The Vaccination Debate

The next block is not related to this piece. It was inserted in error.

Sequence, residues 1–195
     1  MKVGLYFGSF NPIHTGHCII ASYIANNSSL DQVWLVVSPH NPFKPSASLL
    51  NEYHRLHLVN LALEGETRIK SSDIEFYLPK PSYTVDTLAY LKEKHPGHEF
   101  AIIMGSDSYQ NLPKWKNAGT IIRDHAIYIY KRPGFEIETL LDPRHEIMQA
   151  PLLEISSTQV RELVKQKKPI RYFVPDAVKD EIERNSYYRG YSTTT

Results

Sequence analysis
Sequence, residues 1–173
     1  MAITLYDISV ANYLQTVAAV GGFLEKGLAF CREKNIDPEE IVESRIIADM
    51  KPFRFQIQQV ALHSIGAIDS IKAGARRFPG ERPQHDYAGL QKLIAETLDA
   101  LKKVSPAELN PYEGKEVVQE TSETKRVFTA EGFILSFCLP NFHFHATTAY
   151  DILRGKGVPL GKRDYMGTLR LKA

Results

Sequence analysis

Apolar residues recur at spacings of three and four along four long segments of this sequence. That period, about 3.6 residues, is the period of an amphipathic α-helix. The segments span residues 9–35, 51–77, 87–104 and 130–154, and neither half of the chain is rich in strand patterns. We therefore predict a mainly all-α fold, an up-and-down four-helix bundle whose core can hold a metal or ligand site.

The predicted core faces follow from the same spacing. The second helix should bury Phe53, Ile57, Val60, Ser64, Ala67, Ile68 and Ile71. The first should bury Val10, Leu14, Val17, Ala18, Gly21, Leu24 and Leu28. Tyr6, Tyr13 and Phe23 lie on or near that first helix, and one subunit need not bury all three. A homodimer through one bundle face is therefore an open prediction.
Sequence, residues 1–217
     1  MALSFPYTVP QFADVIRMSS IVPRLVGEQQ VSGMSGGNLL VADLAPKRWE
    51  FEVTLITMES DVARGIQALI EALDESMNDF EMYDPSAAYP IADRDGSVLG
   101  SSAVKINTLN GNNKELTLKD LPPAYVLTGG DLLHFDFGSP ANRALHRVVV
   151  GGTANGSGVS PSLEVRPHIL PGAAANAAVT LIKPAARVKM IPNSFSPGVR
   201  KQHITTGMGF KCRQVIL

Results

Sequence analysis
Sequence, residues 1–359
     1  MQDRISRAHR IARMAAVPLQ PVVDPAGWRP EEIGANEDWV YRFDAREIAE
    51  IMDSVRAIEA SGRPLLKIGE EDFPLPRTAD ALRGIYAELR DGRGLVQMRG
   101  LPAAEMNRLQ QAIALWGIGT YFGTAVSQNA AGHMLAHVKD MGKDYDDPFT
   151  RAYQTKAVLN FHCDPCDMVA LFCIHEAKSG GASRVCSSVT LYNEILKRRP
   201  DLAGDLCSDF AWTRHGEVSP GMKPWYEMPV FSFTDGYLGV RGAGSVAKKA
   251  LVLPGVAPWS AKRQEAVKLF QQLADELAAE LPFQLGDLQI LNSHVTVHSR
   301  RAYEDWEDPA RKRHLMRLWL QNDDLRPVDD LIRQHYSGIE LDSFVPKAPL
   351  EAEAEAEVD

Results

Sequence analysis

Whether or not to vaccinate dogs and cats with standard vaccine has recently become a matter of debate among animal health care practitioners. Researchers and veterinarians are discovering short-term and long-term problems in animals injected with commonly used vaccines.When a live vaccine is injected into an animal or human, the organism grows in the tissues and produces a sort of mini-disease that stimulates the immune response. An antigen forms to protect the body against the real disease. It takes up to two weeks for the vaccine to be fully active.Vaccines, however, are far from 100 percent effective. Many vaccines used simultaneously can tie up the immune system. Other areas of the body can also react to the vaccines, resulting in side effects. Some of these side effects are immediately evident; others can take months or years to manifest.To maximize your pet's response to the vaccines, be sure the animal is old enough; that it is healthy, strong and well-fed; and that you're following the proper schedule of administration.Side effects can still occur in an animal whose immune system has been depressed because of previous disease, bad inheritance or drug therapy. On rare occasions the disease has still occurred even after a good vaccine response.It is Dr. Richard Pitcairn's opinion, in Natural Healing for Dogs and Cats, that most animal skin allergies and similar skin diseases are the result of repeated annual vaccinations. He and other veterinarians suspect the widespread increase in diseases caused by immune system disorders is a result of increased use of vaccinations, especially of combination formulas. Recent research shows that one in every 500 injections results in malignant tumors.An alternative to live vaccines is the use of nosodes, homeopathic remedies which are made from natural disease products. Distemperinum, for example, is made from the secretions of a dog ill from canine distemper. It is sterilized, diluted and prepared in accredited pharmacies. Properly used, it can protect a dog from distemper as well as vaccine can. Nosodes are also available for kennel cough, parvovirus, feline leukemia, feline infectious peritonitis and other common pet diseases.To vaccinate or not? And, if so, for which diseases? Look at the unique circumstances of your pet. The risk of death and disease from not vaccinating outdoor cats, for example, can be much higher than the risk posed by vaccinations. Ask your vet about side effects, the prevalence of the disease in your area and the length of protection. Discuss your animal's lifestyle, such as whether it's ever in group situations such as kennels.Here's how to minimize the chance of vaccine problems:* Avoid unnecessary vaccines. Vaccinate only against the most devastating diseases such as distemper and parvovirus. For mild diseases, it may be preferable to allow the animal to experience the natural infection and produce stronger immunity. An example is bordatella (kennel cough) since most kennel cough in dogs is due to viruses.* Vaccinate for one disease at a time. Holistic veterinarian Dr. Kim Henneman recommends one distemper and one parvovirus shot for puppies given separately at eight to 10 weeks of age, with boosters in four to six weeks.* Don't vaccinate an animal too early. The earlier your animals begin vaccinations, the more harm may be done to the immune system. Also, the more vaccines received, the greater the chance for vaccine-induced illness. The last vaccination should be final at six to eight months.* Healthy puppies and kittens only should be vaccinated and there should be no outside exposure to other animals during that time. Resolve any health problems before vaccinating.* Vaccine labels clearly state they should be given only to healthy animals. However, definitions of " healthy" differ. In holistic medicine, healthy animals should be able to deal with anything in the environment without becoming ill.

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